Most promising of all, New Orleans city government is using key aspects of the proposed Citizen Participation Program model to design civic engagement structures for the newly formed New Orleans Recreation Commission and Police Community Advisory Boards.  This work is being led by the city's Neighborhood Engagement Office and its director (and former director of Puentes) Lucas Diaz.  While opposition remains within some segments of city government to the overall CPP project and approach, we hope that proving its value within these two settings will overcome this resistance and help move towards a comprehensive approach to civic engagement.  While these two projects are going on, the City Planning Commission is developing internal policies for working with citizen input, which is a valuable corollary to the external civic engagement work.  Finally, we have been meeting with members of the New Orleans City Council to discuss the status of the overall work and how to build on this momentum; in addition, we are working with the Council members and the Neighborhood Engagement Office to identify an opportunity to do a pilot participatory budgeting process in the city.

While there are still challenges ahead, each of these victories -- large and small -- brings us another step down the path.  We are excited that the pilot projects are producing real benefits for our partners, and equally enthused to see initial signs of work taking root in city government.  We are grateful beyond words for the support we receive through Global Giving; every contribution not only enables our work but provides powerful encouragement as we face these challenges and take these individual steps forward.

Dec 22, 2011

2011 Year-End Report

The end of 2011 finds the New Orleans Citizen Participation Project (CPP) experiencing a mix of frustration and optimism.  The frustration comes because the indications at the beginning of the year were that New Orleans city government was going to adopt the CPP sometime this past summer and we could move into full implementation; unfortunately, a difference of viewpoints among several key city government entities pushed this timetable far back.  This apparently is the nature of systemic change, much of which by defnition has to include government and therefore politics, and requires so many different actors to get on to the same stage (and page!).

The optimism comes because the final quarter of the year saw considerable activity on parts of the CPP within city government and growing support in new communities and sectors within New Orleans.

Specifically, the city's Neighborhood Engagement Office, which was created in spring 2011 and whose inception was a major factor in the CPP delays, conducted an initial process for developing policies and procedures for city government agencies and departments to use citizen input in their decision-making.  While this does nothing to empower the community to provide this input, it is nonetheless a very important step.  For one, it demonstrates strong recognition on the part of city government that it should pay far more attention to community voices; for two, it begins creating a culture within the individual segments of government of valuing, using, and being accountable to citizen input.

On the heels of this, the City Planning Commission CPC) has just launched a similar process specific to its own operations.  This agency probably interacts more with citizens, and therefore needs more citizen input, than any other within the administrative branch.  Further, CPC staff is very aware of CBNO's work on the external CPP, and has supported and indeed contributed to the work.  At the public kickoff meeting for this process, dozens of citizens came out and advocated for including the external CPP with the internal procedure design work.  Both the Chair of the Planning Commission and the Executive Director have agreed to meet after the first of the year to discuss possible collaboration on these issues.  It helps greatly that the New Orleans City Council, in the city budget it adopted December 1, included funding in the Planning Commission budget specifically for a "community participation program", which Council members have confirmed to us is intended for the external component.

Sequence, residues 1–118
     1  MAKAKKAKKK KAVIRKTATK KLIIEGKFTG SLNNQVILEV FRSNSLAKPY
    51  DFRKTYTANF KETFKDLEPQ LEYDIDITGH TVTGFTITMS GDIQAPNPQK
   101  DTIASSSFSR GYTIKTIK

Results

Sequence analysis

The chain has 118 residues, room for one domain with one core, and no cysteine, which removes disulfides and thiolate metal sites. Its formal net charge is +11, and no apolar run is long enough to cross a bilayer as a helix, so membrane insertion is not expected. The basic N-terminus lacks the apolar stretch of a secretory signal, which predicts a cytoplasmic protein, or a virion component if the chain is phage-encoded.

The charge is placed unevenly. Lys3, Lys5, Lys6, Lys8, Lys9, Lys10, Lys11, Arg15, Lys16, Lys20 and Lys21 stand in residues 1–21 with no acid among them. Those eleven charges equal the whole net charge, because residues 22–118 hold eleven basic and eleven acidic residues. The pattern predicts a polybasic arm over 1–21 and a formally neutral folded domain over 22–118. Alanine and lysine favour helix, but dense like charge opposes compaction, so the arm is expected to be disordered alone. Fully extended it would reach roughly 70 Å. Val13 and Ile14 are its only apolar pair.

While all of this went on within City Hall, CBNO worked with various community groups to continue pilot program projects to refine the New Orleans CPP model and demonstrate to city government the value of the CPP.  Specifically, partners included the Gentilly Civic Improvement Association, a collection of neighborhood associations within the city's sixth planning district, demonstrating the District Council component of the CPP.  CBNO also worked with the Greater New Orleans Housing Alliance on the Housing Community of Interest pilot and with Puentes New Orleans on the Latino Community of Interest pilot.  The Communities of Interest are a groundbreaking new approach to expanding citizen participation programs to include residents who do not typically participate in their neighborhood groups, and the work this year amply demonstrated both the need to be more inclusive and the potential of this approach to achieve this critical objective.

While the overall results this year fell short of hopes, we always prefer to aim high, push hard and see how far we get.  With an initial draft of internal city hall policies and procedures for working with citizen input in the mayor's hands for review, tangible progress was made on the government side.  The pilot projects provided both valuable insights on how to continue refining the New Orleans CPP model and great demonstrations of why each of the pilot components is integral to this model.  In the year ahead, we hope to maximize the opportunity to work with the City Planning Commission to meld the internal and external components, and ideally to bring the final, full-fledged model to the City Council for adoption.  As always, we appreciate greatly the support of those who stick with us as this highly challenging, exceptionally powerful work of creating systemic change and empowering community residents inches forward.